One of the people who helped recover the canoes from Laurel Lake in the 1960s was Clifford Coles, who was Franklin Pierce's dean of students at the time. The university, even then, had an archaeology and anthropology department, so it was decided to bring the canoes to campus. That's where they've remained for more than 50 years, on display in the university's science building — until Topham, of Pepperell, Mass., came along for her senior thesis.

For her thesis, Topham has been studying archaeological sites and artifacts in the immediate area. In the fall, she led site digs near campus, and she’s now working with the Jaffrey Public Library to study artifacts in its collection to determine if they have ties to the site near the university, she wrote in an email.

As Topham dove into local archeology around the campus and researched how the Laurel Lake canoes were made and used, it seemed like a great time to get a better sense of when the canoes were built, Goodby said. 

Earlier this spring, Goodby applied for a grant from the university to send a small sample of the canoes' wood to Florida for radiocarbon dating. The results came back last month, revealing that the canoes were likely made between 1516 and 1674, strongly suggesting that they were indeed made by Native Americans. European settlements in the Monadnock Region began in the 1730s, according to Goodby.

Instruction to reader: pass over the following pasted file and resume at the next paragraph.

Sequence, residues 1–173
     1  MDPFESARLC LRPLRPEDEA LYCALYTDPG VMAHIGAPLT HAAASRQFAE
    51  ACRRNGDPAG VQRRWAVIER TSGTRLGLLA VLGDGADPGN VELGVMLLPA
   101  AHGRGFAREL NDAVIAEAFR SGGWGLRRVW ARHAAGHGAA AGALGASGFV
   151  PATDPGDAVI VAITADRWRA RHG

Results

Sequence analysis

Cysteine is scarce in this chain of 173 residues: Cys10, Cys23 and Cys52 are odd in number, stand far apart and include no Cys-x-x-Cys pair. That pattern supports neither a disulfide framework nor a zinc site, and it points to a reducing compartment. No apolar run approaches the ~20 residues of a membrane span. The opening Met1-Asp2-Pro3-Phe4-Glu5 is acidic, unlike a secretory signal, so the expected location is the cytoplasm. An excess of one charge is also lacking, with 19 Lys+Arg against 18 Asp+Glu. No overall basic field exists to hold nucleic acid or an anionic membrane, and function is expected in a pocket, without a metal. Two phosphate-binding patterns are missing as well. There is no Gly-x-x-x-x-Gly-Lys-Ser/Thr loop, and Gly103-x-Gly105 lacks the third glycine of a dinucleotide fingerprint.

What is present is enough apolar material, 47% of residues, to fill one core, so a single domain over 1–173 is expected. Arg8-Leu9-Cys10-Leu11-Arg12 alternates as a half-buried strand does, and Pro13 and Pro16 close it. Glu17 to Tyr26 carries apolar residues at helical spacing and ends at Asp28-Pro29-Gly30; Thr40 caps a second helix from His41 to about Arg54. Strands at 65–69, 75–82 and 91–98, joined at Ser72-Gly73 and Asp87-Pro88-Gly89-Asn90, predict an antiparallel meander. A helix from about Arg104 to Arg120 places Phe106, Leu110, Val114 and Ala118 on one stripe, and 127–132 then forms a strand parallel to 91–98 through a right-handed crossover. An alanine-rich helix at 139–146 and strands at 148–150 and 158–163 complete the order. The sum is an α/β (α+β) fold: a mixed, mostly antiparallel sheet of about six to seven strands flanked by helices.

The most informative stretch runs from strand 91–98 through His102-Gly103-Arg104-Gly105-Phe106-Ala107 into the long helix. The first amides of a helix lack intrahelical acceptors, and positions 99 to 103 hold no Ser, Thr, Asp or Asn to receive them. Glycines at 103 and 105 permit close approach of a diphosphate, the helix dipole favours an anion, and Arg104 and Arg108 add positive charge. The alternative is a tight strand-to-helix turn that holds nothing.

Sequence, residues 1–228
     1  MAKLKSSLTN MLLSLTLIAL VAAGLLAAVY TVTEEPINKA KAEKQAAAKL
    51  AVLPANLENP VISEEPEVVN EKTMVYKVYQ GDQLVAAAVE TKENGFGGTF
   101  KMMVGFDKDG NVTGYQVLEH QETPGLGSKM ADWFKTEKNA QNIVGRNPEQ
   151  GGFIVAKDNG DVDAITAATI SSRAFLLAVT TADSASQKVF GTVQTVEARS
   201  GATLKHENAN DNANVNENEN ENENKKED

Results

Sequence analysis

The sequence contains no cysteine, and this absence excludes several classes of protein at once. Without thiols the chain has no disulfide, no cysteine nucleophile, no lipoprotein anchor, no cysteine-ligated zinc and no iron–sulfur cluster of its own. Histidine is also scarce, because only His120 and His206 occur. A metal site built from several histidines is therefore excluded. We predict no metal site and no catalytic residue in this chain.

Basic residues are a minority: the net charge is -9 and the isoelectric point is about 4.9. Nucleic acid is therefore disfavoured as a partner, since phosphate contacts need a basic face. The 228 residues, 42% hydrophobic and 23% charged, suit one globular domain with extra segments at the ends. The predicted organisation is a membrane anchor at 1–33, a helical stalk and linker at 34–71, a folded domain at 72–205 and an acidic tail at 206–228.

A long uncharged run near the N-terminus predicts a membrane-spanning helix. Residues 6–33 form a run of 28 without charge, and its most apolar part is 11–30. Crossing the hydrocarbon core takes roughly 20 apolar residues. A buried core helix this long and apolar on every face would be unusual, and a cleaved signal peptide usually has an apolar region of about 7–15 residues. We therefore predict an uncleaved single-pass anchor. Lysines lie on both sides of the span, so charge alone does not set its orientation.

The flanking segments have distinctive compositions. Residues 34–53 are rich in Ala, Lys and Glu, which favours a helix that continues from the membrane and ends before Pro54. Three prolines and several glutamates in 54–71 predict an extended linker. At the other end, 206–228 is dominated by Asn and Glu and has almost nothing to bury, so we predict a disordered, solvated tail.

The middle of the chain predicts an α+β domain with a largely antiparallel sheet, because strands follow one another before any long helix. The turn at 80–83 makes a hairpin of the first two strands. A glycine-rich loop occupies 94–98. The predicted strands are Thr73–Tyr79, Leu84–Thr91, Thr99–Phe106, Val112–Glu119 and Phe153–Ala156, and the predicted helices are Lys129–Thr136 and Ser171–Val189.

Topham said that after four years of walking by the canoes at Franklin Pierce, it was very satisfying to get a better understanding of where they likely came from.

“It also helps us know the historical significance and value of what we have so the university can appreciate the history that they possess in their collections,” she said.

It’s far from the first archeological finding in the Monadnock Region that provides a glimpse at Native American life.

In late 2009, Goodby was an archaeological consultant for the Keene School District before construction began for the middle school on Maple Avenue. It’s a project he’s called “the best, most significant, most interesting site I’ve worked on,” where he discovered the oldest evidence of life in New England, dating back nearly 13,000 years ago.

The Laurel Lake canoes fall at the other end of the historical spectrum as they're relatively new, Goodby said, and there’s plenty of exciting work to do to fill in the story in between.

A private landowner and the towns of Jaffrey and Rindge have given the university permission to examine four locations around Contoocook Lake near campus, Goodby said. Even with minimal work so far, all four sites have been identified as Native American sites, he said, and the anthropology program has found artifacts dating back as far as 5,000 years ago.

“There really is a very, very rich history in this region … that’s just starting to come into focus,” he said.

Molly Bolan can be reached at 603-352-1234, Ext. 1436, or Follow her on Twitter @BolanMolly. These articles are being shared by partners in The Granite State News Collaborative. For more information visit